SHARE YOUR FAITH: In the HERITAGE OF HOPE VIDEO SERIES, Ida Strickland states, “My parents showed me how to live and how to die.” We can do the same for our children by choosing faith over fear and looking beyond death to glory. Believing the Bible and looking at death as a transition to eternal life changes everything! Our faith removes much of the sting or grief for us and those who love us (1 Corinthians 15:55). Our last days on this earth may be an outstanding opportunity to share our core belief in Jesus Christ and the eternal future He has purchased for us as well as how He has redeemed our earthly lives. Does your family share your faith?
SHARE YOUR GAME PLAN: I anticipate choosing not to fight my last illness, so I have been preparing my family for this preference for years. Why? There is a tendency in our culture to view death as a failure, to call on those near the end to be fighters and encourage them to somehow beat the disease that afflicts them. Ecclesiastes 3:2 states eloquently that there is a time to heal, but there is also a time to die. Scripture uses numerous metaphors to picture the end of life as a victory (I Cor.15:55), as finishing the race (Acts 20:24), as going home (2 Cor. 5:8), not as defeat. Jesus Christ himself declared his mission complete from the cross when he declared, “It is finished!” (John 19:30) I wish to do the same, and I want my family on my team. What is your game plan or exit strategy?
How do I prepare my family for my own finish line? I mention death now and again. It is not a taboo subject in my presence even though I am now the oldest member of the family. I also remind them that their father and I have been fighting for fitness our entire adult lives with vigorous exercise, a healthy diet, lots of water etc. We hope to make it clear that we are not striving for longevity or denying the reality of death. Rather, we work out to prevent avoidable, degenerative diseases. Together, we fight for good health now that we may enjoy the numbered days God gives us . . . and we pray for strength to match our days (Deut. 33:25) that we may bear much fruit! Since our efforts could easily be misunderstood, we state repeatedly that we are not fighting for a longer life—but a healthy one. We are purposely setting the stage for mutual understanding and release when our departure times come . . . when it is time to hold hands.
SHARE YOUR PREFERRED COMFORTS: Like my mother, I would love to have a dear one hold my hand. I would also enjoy having God’s Word read to me. Listening to worship songs together would be comforting and uplifting. Praying together in thankfulness for all God has done would be especially sweet. Most of all—I would like to hear the hearts of my loved ones as we say our good-byes—for now. If there is any unfinished business in my relationships, I would very much like the opportunity to heal any hurts I have caused. Life can be messy, but love transcends and heals by the power of the Holy Spirit. What are your preferred comforts?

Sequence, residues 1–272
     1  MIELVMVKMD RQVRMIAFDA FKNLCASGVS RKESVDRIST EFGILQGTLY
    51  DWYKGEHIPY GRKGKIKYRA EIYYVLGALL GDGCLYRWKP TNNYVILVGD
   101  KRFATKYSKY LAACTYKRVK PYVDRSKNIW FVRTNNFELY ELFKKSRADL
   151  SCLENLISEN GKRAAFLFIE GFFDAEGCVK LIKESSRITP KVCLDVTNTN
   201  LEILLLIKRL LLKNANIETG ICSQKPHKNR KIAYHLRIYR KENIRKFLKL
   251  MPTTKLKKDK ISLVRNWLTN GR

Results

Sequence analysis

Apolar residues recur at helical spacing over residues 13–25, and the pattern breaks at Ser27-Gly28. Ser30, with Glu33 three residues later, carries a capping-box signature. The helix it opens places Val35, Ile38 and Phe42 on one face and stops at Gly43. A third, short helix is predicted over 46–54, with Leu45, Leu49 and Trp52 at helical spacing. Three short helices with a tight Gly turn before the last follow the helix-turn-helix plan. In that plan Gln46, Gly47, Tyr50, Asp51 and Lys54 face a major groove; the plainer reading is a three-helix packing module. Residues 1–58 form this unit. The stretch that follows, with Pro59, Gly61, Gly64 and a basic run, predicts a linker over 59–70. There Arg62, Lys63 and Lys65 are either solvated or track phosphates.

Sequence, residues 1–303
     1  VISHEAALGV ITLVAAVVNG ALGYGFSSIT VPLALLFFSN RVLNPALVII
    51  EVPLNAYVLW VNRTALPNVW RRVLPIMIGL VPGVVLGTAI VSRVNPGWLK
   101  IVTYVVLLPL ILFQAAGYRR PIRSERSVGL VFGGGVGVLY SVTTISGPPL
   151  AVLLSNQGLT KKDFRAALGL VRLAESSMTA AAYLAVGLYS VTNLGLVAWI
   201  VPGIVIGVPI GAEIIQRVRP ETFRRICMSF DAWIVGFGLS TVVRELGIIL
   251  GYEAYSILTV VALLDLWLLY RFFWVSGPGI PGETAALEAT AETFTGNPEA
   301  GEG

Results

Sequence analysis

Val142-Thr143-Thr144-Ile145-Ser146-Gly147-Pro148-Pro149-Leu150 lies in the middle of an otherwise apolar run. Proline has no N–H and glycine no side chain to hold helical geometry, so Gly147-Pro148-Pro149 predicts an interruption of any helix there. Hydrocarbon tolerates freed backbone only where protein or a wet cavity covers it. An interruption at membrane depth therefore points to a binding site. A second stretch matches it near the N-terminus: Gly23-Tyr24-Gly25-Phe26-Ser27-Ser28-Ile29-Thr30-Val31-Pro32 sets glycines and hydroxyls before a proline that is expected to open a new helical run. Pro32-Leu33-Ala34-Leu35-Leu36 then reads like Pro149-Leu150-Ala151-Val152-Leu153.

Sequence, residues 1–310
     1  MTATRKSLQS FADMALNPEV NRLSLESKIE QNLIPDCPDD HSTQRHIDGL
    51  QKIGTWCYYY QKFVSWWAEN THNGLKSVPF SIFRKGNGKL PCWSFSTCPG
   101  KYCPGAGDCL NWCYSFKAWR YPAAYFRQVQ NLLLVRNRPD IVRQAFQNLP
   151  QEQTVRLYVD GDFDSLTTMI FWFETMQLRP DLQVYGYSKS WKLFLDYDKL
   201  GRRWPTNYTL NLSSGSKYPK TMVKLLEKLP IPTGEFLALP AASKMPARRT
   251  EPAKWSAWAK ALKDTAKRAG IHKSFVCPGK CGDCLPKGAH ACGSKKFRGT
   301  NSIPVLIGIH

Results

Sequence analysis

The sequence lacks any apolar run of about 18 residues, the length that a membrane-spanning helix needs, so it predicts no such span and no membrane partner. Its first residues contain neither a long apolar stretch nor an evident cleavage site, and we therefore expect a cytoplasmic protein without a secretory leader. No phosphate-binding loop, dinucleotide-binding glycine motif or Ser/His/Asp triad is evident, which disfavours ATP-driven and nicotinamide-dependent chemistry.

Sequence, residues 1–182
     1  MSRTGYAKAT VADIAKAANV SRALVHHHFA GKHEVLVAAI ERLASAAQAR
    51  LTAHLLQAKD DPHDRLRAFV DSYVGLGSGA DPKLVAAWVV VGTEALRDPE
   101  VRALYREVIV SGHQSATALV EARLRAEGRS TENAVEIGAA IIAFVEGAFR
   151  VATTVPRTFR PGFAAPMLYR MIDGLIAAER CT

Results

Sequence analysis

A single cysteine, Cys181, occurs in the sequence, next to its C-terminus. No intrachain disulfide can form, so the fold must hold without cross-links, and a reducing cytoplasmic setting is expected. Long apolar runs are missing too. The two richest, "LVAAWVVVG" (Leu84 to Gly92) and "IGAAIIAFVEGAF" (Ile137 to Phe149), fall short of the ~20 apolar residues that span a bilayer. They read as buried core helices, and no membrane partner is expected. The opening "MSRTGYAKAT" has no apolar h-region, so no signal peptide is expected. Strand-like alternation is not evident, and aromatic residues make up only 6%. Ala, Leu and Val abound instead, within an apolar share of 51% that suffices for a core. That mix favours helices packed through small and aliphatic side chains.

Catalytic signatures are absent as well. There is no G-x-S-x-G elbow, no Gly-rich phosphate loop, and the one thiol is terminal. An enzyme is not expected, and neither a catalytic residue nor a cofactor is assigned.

You might find FIVE WISHES to be a very helpful guide as you work your way through this decision-making process. WISH 1 is a legal means of appointing your medical representative. WISH 2 specifies the kind of medical treatment you want and when.* WISH 3 is how comfortable you want to be. WISH 4 is how you wish to be treated. WISH 5 is what you want loved ones to know. You may purchase forms via www.agingwithdignity.org or (888) 5-WISHES, (888) 594-7437.
*As with Advance Directives, Heritage of Hope suggests that you keep the kinds of medical treatment you want off the official forms so medical personnel will consult your medical representative.
HOW DO WE MAKE OUR DEATH EASIER ON OUR PEOPLE? Planning ahead and preparing your people for your departure does make your death easier on the ones you love. More specifically, PART 1 suggested that we let them know who is in charge of our care when we are not. PART 2 encouraged us to consider, decide, and share our preferences about our care at the end of life. Finally, PART 3 advocates that we share our faith, our game plan, and our preferred comforts. With these decisions made and communicated, our loved ones can honor our wishes when the time comes and know they have done so. Such knowledge can be very comforting to those you will be leaving behind.